Society of American Archivists Council Resolution Honoring AWE Fund

The Society of American Archivists (SAA) Council recognized the AWE Fund organizing committee’s efforts ahead of this year’s annual conference.

The SAA Council also acknowledged the ad hoc committee’s efforts during the SAA Annual Membership Business Meeting on Wednesday, August 5, 2020. In her remarks, SAA Executive Director Nancy Beaumont stated:

You’ve heard the story: a committed group of members brought to the SAA Foundation Board an idea to establish a fund to support archives workers who are unemployed or precariously employed due to the pandemic… The review group was established. Turns out that part was easy. The hard part was developing a rubric for evaluating applications, promoting both the availability of the fund and donations to it, compiling applications doing the emotionally challenging labor of evaluating them weekly, and then figuring out how to get funds into the hands of individuals experiencing precarity, all in the midst of a pandemic. It pretty much does take a village.

Nancy Beaumont, SAA Annual Business Meeting, August 5, 2020

SAA President Meredith Evans remarked:

We honor 22 individuals today who collectively are known as organizers of the Archival Workers Emergency Fund… These folks came together to propose creation of a fund to provide financial assistance for archival workers experiencing difficulty unanticipated financial hardship due to the pandemic their extraordinary efforts from proposing the fund to the SAA Foundation Board to raising more than $106,000 from nearly 800 donors to distributing the much needed funds to more than 140 archival workers leaves us in all, we thank them for their truly extraordinary efforts.

SAA President Meredith Evans, SAA Annual Business Meeting, August 5, 2020

The AWE Fund started four months ago as a proposal to help archival workers experiencing hardship due to to the COVID-19 crisis. Thanks to nearly 750 generous individual and organizational donors, the AWE Fund has distributed more than $123,000 to 143 archival colleagues in need to date. Thank you to the 26 SAA Sections that contributed more than $6,100 and to the SAA Foundation for the seed funding of $15,000. Thank you to everyone who contributed and if you are in need, please apply! Thank you, SAA Council, for this recognition of our community, creativity, and resolve in the face of a pandemic!

Read the full text of the resolution below or on the SAA website: https://www2.archivists.org/news/2020/council-resolution-archival-workers-emergency-fund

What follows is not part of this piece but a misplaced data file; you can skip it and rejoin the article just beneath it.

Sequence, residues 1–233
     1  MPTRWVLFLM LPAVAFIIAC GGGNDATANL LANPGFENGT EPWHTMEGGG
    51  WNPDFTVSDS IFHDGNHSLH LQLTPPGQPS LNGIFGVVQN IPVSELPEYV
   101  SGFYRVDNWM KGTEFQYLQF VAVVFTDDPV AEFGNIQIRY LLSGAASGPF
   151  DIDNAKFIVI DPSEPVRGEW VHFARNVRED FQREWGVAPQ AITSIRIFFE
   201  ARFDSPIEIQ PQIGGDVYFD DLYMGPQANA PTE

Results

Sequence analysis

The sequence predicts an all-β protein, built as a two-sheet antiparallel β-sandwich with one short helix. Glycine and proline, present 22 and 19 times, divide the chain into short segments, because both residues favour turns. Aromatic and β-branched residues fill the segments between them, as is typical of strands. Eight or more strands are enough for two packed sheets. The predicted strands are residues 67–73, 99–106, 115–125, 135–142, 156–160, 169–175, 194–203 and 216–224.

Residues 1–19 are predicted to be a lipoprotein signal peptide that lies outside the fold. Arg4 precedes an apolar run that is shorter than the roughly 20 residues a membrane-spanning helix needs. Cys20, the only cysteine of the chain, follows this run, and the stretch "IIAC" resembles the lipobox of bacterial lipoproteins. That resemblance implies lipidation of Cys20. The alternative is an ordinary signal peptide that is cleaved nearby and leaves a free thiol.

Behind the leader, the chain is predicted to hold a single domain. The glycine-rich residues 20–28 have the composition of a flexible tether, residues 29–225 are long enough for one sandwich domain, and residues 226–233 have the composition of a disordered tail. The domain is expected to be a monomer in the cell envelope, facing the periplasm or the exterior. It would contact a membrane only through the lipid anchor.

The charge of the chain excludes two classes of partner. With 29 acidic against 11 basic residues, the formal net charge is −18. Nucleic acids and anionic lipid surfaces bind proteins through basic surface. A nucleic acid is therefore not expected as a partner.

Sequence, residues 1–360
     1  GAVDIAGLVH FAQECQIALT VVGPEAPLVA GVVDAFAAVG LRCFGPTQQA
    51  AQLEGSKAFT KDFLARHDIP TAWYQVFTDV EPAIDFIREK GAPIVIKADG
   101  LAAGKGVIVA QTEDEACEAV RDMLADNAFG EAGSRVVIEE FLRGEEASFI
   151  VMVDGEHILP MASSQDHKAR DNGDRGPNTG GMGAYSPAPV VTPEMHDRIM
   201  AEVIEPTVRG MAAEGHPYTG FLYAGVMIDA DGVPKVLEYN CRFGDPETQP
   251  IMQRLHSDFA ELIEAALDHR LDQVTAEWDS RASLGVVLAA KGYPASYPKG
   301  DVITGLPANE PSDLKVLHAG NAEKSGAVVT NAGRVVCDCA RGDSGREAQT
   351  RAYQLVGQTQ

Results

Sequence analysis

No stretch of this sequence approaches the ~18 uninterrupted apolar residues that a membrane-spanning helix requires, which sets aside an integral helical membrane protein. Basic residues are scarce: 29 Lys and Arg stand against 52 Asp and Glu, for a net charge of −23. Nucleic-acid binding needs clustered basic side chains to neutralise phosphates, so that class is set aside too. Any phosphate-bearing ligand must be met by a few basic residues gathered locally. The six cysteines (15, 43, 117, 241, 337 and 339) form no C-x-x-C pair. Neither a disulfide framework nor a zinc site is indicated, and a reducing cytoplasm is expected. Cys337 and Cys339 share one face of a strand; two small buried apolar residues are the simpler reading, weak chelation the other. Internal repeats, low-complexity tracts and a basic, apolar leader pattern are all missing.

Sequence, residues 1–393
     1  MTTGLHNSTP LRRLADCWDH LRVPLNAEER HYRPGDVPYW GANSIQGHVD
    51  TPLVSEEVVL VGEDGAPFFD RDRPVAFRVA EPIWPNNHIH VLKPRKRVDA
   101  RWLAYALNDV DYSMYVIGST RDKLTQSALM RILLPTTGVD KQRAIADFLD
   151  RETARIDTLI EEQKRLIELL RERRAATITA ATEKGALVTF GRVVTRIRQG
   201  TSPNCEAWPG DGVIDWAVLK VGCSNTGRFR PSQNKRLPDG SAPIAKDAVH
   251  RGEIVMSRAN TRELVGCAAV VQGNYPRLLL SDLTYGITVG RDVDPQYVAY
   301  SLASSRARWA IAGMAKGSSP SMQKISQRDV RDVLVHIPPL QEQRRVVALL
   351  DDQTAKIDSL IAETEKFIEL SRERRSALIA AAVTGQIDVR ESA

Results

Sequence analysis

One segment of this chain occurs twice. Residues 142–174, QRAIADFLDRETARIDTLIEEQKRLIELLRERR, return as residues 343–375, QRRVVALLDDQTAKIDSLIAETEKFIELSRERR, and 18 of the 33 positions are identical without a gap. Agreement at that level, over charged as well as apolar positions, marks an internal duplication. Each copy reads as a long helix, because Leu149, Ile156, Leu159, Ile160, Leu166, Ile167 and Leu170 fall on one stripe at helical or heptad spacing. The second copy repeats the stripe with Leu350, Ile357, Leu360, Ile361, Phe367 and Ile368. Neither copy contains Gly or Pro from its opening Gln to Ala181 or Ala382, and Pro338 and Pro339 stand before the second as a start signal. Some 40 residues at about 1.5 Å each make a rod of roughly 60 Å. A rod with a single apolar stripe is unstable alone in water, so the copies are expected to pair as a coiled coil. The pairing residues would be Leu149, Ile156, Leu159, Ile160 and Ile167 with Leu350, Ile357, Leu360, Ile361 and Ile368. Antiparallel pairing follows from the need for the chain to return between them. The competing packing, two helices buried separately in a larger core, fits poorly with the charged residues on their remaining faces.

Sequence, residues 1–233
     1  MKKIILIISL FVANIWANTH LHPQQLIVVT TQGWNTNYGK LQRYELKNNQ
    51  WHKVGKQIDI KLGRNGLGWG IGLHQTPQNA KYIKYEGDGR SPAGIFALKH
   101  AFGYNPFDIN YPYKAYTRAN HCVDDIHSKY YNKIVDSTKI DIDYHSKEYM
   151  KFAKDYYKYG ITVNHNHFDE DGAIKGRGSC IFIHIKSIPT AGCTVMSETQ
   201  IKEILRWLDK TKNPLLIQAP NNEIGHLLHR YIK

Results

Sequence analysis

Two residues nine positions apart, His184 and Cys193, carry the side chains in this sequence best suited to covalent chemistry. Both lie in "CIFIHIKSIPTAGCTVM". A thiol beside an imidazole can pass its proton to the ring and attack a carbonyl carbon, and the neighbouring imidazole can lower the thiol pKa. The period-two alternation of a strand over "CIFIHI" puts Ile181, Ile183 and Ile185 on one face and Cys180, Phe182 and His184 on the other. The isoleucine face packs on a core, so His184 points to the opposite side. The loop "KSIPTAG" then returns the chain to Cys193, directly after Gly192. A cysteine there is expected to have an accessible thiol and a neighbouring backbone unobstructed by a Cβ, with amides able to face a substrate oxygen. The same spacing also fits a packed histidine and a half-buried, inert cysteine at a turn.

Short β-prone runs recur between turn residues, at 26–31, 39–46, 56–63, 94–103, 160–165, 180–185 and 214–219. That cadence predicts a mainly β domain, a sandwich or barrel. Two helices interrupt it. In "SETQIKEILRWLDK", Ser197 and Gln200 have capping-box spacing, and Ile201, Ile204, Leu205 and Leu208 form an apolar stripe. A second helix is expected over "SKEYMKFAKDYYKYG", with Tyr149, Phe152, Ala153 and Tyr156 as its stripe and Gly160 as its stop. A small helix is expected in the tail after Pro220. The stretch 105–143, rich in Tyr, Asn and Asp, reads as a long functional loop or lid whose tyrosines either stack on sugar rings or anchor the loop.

Society of American Archivists Council Resolution Honoring Organizers of the Archival Workers Emergency Fund

WHEREAS the Archival Workers Emergency Fund (AWEF) was established in 2020 by the SAA Foundation to provide financial assistance for archival workers experiencing acute, unanticipated financial hardship due to the COVID-19 pandemic; and

WHEREAS the AWEF was created based on a proposal developed by an ad hoc group of concerned archivists led by Jessica Chapel and Lydia Tang and comprising Steven D. Booth, Alison Clemens, Anna Clutterbuck-Cook, Jennifer Coggins, Courtney Dean, Steve Duckworth, Carady DeSimone, Rebecca Goldman, Irene Hauzinger, Katharina Hering, Hayley Hinsberger, Valencia Johnson, Carli Lowe, Bridget Malley, Sarah McLusky, Rebecca Thayer, Lauren White, Jen Wachtel, Amy Wickner, and Katrina Windon; and

WHEREAS the ad hoc group also gathered resources relating to remote work, archival labor, mutual aid, access to unemployment benefits, and other relief efforts for archival workers based in the United States who are navigating rapidly changing conditions during the COVID-19 emergency; and

WHEREAS since the launch of the fund 740 donors have contributed more than $105,000 (as of July 2020), in addition to the SAA Foundation Board’s contribution of $21,000 in funding; and;

WHEREAS the AWEF Review Committee, comprising individuals from the ad hoc group and SAA Foundation Board members, has provided, as of July 2020, more than $121,000 to 141 applicants;

NOW, THEREFORE, BE IT RESOLVED that the organizers of the Archival Workers Emergency Fund be honored with a 2020 SAA Council Resolution for their work in creating a relief aid program designed to support archival colleagues affected by the COVID-19 crisis.  

Community at Work: LAM Mutual Aid and Solidarity

Take Care / Care Take.” Art by Peter Railand, sourced from Justseeds.

Join the AWE Fund Organizing Committee, EveryLibrary’s HALO Fund, Protect Library Workers, and Museum Workers Speak for a conversation about community care and organizing on Tuesday, July 14 at 4:00 p.m. ET / 1:00 p.m. PT.

The LAM Mutual Aid and Solidarity Panel — hosted by the Archival Workers Emergency Fund Organizing Committee — will include Callan Bignoli of Protect Library Workers, John Chrastka of HALO Fund, and Paula Santos of Museum Workers Speak. Panelists will discuss mutual aid models of community care and community-building solidarity efforts. 

The event if free to register and open to the public, however donations are being accepted for these collective efforts to support LAM workers.

About the Panelists